Whither Stephen Kappes?

As I suggested yesterday, the investigation into Gul Rahman’s death means there’s a chance–teeny, presumably, but a chance nevertheless–that the investigation might move beyond the formerly-low level people implicated in the death (remember, both the guy who headed the Salt Pit and the station chief have gone onto bigger and better things at the CIA, so if they’re targeted in any case, it would be a bigger deal than any other prosecution).

The reasons why pertains, in significant part, to Stephen Kappes.

Jeff Stein laid out the reasons why in this profile of Kappes (which also emphasizes the degree to which he micromanaged issues during his tenure as Assistant Deputy Director for Operations from 2002-2004). As Stein explains, Kappes personally helped create cable traffic describing Gul Rahman’s death that would allow the CIA to claim his death was an accident.

According to an internal investigation, he helped tailor the agency’s paper trail regarding the death of a detainee at a secret CIA interrogation facility in Afghanistan, known internally as the Salt Pit.

The detainee froze to death after being doused with water, stripped naked, and left alone overnight, according to reports in the Washington Post and Los Angeles Times. He was secretly buried and his death kept “off-the-books,” the Post said.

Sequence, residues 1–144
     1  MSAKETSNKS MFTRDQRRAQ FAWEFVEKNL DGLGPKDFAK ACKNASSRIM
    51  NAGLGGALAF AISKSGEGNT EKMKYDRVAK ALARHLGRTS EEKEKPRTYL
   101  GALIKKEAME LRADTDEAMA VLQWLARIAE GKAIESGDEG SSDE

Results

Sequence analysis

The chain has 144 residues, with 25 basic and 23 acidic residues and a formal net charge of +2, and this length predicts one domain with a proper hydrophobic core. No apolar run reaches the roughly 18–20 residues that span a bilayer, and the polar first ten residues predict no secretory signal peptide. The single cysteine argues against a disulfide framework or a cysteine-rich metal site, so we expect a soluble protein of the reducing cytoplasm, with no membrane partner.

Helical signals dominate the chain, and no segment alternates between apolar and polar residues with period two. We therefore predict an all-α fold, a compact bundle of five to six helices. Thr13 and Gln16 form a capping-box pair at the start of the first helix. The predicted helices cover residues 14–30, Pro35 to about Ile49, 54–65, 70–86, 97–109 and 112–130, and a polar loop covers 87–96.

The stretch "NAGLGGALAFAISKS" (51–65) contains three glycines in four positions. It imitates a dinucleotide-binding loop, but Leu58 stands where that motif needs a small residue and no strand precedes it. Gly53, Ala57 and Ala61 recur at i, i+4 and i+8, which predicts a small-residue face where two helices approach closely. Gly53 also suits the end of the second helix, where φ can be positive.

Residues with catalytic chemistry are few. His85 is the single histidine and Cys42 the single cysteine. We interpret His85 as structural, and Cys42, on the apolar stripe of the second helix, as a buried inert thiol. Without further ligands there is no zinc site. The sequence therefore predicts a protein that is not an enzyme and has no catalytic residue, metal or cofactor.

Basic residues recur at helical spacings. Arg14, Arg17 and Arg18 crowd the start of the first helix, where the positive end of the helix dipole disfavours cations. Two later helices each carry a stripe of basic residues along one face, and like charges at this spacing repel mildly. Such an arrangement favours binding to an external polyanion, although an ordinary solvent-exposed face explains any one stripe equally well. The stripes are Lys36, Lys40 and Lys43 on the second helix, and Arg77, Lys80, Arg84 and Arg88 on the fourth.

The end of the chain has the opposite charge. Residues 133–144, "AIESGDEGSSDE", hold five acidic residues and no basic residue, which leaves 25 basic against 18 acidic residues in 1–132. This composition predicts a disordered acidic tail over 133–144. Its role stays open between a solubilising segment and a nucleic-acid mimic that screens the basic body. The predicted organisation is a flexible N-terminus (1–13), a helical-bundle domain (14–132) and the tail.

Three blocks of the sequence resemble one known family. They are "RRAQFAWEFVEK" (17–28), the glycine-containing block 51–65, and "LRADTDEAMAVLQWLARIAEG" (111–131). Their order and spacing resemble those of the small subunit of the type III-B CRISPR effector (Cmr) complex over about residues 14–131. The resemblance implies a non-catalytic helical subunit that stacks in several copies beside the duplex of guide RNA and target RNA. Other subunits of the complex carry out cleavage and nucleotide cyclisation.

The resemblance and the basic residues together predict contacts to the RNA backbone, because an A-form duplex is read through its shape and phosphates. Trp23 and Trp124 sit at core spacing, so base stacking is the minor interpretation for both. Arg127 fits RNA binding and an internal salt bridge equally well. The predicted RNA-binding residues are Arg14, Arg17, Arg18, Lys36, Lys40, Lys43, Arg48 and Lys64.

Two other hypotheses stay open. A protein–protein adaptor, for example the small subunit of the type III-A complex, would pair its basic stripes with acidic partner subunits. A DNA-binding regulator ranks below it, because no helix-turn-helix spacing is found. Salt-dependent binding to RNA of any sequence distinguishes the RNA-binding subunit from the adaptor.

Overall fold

According to two former officials who read a CIA inspector general’s report on the incident, Kappes coached the base chief—whose identity is being withheld at the request of the CIA—on how to respond to the agency’s investigators. They would report it as an accident.

“The ADDO’s direction to the field officer anticipated that something worse had occurred and so gave him directions on how to report the situation in his cable,” one of the former officials says.

“The ADDO basically told the officer, ‘Don’t put something in the report that can’t be proved or that you are going to have trouble explaining.’ In essence, the officer was told: Be careful what you put in your cable because the investigators are coming out there and they will pick your cable apart, and any discrepancies will be difficult to explain.”